The Fraunhofer IWS Dresden and Technische Universität Dresden inaugurated their jointly operated Center for Additive Manufacturing Dresden (AMCD) with a festive ceremony on February 7, 2017. Scientists from various disciplines perform research on materials, additive manufacturing processes and innovative technologies, which build up components in a layer by layer process. This technology opens up new horizons for component design and combinations of functions. For example during fabrication, electrical conductors and sensors are already able to be additively manufactured into components. They provide information about stress conditions of a product during operation.

The 3D-printing technology, or additive manufacturing as it is often called, has long made the step out of scientific research laboratories into industrial...

Im Focus: Mimicking nature's cellular architectures via 3-D printing

Research offers new level of control over the structure of 3-D printed materials

Nature does amazing things with limited design materials. Grass, for example, can support its own weight, resist strong wind loads, and recover after being...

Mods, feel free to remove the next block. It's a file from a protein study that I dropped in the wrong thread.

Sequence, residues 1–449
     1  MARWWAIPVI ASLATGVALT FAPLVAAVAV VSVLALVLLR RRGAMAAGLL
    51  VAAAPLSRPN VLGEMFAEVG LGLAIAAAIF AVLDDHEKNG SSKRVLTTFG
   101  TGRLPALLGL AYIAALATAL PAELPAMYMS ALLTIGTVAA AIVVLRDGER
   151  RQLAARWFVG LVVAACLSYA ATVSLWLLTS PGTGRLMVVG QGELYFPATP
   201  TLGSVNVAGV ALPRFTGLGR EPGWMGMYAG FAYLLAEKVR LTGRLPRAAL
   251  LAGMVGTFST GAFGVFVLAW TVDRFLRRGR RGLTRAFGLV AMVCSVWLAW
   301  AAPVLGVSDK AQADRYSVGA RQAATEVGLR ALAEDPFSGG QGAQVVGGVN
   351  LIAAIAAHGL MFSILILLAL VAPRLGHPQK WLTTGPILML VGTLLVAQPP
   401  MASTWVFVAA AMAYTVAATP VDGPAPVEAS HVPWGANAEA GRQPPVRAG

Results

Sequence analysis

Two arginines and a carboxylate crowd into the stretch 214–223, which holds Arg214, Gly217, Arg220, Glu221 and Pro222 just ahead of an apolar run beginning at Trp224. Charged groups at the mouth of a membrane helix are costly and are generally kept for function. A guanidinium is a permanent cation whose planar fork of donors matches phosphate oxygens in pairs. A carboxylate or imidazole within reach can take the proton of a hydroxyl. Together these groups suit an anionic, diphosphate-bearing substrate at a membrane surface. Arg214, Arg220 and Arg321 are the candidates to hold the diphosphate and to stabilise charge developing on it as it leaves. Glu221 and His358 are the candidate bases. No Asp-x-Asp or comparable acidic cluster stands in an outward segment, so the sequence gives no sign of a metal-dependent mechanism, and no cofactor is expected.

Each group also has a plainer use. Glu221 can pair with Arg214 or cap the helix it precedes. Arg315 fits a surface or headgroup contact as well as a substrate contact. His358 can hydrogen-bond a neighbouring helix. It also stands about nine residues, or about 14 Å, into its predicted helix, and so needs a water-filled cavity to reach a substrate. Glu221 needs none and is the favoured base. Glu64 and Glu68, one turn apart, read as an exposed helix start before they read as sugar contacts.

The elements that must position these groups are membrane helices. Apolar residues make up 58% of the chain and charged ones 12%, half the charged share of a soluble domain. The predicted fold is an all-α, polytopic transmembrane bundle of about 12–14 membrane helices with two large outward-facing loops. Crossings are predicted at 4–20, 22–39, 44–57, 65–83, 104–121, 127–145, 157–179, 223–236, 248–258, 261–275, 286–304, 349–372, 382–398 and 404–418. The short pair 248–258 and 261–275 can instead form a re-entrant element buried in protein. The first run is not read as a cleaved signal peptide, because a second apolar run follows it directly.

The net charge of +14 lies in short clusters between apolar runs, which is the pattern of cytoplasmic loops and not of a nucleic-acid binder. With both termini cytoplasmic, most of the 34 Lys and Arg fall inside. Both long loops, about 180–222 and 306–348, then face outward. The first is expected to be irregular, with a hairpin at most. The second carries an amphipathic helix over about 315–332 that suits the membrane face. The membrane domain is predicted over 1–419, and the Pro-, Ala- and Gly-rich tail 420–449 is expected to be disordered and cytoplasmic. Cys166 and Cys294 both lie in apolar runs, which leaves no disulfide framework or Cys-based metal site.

Im Focus: Three Magnetic States for Each Hole

Nanometer-scale magnetic perforated grids could create new possibilities for computing. Together with international colleagues, scientists from the Helmholtz Zentrum Dresden-Rossendorf (HZDR) have shown how a cobalt grid can be reliably programmed at room temperature. In addition they discovered that for every hole ("antidot") three magnetic states can be configured. The results have been published in the journal "Scientific Reports".

Physicist Dr. Rantej Bali from the HZDR, together with scientists from Singapore and Australia, designed a special grid structure in a thin layer of cobalt in...

All Focus news of the innovation-report >>>

Anzeige

Anzeige

Event News

Booth and panel discussion – The Lindau Nobel Laureate Meetings at the AAAS 2017 Annual Meeting

13.02.2017 | Event News

Complex Loading versus Hidden Reserves

10.02.2017 | Event News

International Conference on Crystal Growth in Freiburg

09.02.2017 | Event News

 
Latest News

Positrons as a new tool for lithium ion battery research: Holes in the electrode

22.02.2017 | Power and Electrical Engineering

New insights into the information processing of motor neurons

22.02.2017 | Life Sciences

Healthy Hiking in Smart Socks

22.02.2017 | Innovative Products

VideoLinks
B2B-VideoLinks
More VideoLinks >>>